October 14, 2011
TechTeach, which started in Fall 2011, allows teacher candidates to make contributions to students’ learning.
Texas Tech’s College of Education unveiled this fall semester a new teacher preparation program called TechTeach. The program launched with middle-level teacher candidates, but starting in spring 2012, elementary and secondary teaching focuses also will be phased into the program, requiring all teacher candidates to take part in the new curricula.
TechTeach emulates iTeachAZ, Arizona State’s preparation program, which was implemented by Scott Ridley, the Texas Tech College of Education’s new dean. The program will not add any additional cost or length of time to the current four-year undergraduate teaching track.
The new process also includes co-teaching, which makes the certified teacher a mentor for the TechTeach candidates who will be in their class. Doug Hamman, director of teacher education at Texas Tech, said classrooms where teachers co-teach with a teacher candidate outperform classrooms where there is a traditional student-teaching experience.
“In the classroom, both adults can work together and use achievement data from their children to figure out the best way to split up the class or work together and complement each other,” he said. “If a mentor teacher has a small number of children who are having trouble, the teacher candidate can take over that group for exclusive help.”
TechTeach has made two promises to its partner districts:
All TechTeach candidates will be evaluated based on their teaching competency, focusing more on their skills and ability to exhibit behaviors aligned with the national Teacher Advancement Program standards.
“The teacher candidates must teach at one of our approved sites because, essentially, the College of Education is taking responsibility, saying we will make sure our participants are much more prepared for their first day of teaching in their own classrooms,” Hamman said.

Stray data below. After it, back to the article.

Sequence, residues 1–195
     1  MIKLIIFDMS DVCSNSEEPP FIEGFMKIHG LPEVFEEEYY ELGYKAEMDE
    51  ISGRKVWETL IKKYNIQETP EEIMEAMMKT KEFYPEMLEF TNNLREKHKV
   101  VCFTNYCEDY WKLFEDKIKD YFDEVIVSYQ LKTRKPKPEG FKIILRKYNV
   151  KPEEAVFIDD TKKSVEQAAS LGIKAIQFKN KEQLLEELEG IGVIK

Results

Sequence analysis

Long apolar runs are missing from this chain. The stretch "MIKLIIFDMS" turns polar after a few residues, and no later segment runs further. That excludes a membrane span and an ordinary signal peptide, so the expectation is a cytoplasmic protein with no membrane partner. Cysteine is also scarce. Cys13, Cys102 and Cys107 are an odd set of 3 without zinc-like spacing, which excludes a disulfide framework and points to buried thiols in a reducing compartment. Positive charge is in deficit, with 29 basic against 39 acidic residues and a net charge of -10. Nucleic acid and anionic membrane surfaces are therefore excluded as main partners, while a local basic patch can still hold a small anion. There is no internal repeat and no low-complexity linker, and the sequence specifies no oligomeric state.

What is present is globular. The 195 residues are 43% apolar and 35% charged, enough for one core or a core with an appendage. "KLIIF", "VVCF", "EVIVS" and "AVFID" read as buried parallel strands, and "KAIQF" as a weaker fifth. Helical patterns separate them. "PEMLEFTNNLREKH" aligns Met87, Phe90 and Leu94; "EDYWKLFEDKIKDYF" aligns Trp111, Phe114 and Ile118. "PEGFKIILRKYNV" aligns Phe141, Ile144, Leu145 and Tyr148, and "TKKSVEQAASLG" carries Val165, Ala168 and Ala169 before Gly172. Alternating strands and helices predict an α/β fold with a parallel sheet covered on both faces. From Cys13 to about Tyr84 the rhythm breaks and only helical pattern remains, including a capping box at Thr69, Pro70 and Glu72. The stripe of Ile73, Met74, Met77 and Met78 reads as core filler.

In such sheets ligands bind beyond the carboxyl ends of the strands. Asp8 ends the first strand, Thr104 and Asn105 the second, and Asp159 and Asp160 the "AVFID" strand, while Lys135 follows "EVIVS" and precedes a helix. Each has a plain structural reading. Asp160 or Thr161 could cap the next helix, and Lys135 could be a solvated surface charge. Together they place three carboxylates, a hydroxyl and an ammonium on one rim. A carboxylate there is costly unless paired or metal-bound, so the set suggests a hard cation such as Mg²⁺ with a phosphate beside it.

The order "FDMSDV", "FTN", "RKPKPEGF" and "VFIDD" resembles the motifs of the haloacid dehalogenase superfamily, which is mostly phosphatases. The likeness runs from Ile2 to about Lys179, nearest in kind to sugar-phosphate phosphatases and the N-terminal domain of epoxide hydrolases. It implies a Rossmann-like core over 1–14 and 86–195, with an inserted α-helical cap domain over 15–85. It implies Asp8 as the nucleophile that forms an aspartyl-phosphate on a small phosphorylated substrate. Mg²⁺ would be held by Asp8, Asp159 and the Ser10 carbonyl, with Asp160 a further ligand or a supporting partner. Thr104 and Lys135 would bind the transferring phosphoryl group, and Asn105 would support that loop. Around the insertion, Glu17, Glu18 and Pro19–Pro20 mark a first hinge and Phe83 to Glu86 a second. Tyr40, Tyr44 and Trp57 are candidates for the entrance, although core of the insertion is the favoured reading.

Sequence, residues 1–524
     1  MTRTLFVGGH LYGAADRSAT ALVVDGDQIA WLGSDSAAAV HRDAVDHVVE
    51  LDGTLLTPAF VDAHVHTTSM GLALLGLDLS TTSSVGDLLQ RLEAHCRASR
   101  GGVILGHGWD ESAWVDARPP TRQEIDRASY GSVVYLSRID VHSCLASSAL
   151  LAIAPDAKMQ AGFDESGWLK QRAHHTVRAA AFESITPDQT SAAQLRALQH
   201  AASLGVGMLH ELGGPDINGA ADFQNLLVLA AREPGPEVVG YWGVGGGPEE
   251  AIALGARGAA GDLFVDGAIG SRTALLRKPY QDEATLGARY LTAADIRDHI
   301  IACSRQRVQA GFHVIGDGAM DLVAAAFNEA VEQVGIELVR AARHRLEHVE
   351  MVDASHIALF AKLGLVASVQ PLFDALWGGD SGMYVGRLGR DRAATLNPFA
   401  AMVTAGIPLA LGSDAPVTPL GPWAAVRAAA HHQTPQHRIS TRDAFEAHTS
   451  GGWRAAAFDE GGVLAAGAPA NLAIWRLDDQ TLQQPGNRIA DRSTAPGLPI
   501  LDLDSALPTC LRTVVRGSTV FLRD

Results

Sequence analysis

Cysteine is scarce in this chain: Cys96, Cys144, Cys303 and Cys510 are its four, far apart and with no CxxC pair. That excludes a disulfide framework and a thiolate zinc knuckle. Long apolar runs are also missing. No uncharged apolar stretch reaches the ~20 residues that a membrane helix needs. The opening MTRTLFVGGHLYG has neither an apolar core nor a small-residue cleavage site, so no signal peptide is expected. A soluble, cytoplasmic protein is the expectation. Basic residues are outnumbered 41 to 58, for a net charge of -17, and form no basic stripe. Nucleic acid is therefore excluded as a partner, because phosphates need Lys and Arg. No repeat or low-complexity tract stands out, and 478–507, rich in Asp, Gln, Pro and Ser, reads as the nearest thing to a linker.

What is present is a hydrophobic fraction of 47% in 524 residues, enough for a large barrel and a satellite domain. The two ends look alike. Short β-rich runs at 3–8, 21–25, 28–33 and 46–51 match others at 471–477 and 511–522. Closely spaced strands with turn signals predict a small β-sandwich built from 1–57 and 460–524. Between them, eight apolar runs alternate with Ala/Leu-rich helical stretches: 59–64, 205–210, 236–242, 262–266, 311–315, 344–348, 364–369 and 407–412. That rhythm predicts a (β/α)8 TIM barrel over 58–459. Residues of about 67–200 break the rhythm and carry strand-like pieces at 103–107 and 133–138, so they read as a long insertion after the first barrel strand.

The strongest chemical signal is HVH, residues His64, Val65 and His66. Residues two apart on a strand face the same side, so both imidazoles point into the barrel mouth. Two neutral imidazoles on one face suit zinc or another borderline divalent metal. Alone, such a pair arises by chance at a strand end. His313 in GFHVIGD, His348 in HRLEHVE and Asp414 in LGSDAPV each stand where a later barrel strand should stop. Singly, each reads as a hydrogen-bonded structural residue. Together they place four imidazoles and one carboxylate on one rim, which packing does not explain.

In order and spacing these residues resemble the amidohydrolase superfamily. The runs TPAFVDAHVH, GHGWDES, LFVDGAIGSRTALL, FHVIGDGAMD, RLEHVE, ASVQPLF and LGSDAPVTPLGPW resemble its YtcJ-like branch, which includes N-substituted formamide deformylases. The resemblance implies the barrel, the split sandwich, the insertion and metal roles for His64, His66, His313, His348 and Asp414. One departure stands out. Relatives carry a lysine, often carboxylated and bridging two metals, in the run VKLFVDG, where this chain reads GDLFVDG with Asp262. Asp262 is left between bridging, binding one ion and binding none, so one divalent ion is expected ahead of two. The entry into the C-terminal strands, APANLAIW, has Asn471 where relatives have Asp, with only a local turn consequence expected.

“This program is aimed at improving learning of K-12 students, and preparing our teacher candidates to do just that,” Hamman said.
The College of Education at Texas Tech University offers a full range of programs, including eight doctoral degrees, 12 master's degrees and two bachelor's degrees with numerous specializations leading to careers in public or private education as teachers, professors, administrators, counselors and diagnosticians.
Programs in the college are housed in two departments. The Department of Curriculum and Instruction offers undergraduate programs leading to initial teaching certificates and graduate programs in bilingual education, curriculum and instruction, elementary education, language literacy and secondary education.
The Department of Educational Psychology and Leadership offers graduate programs in counselor education, educational leadership, educational psychology, higher education, instructional technology and special education.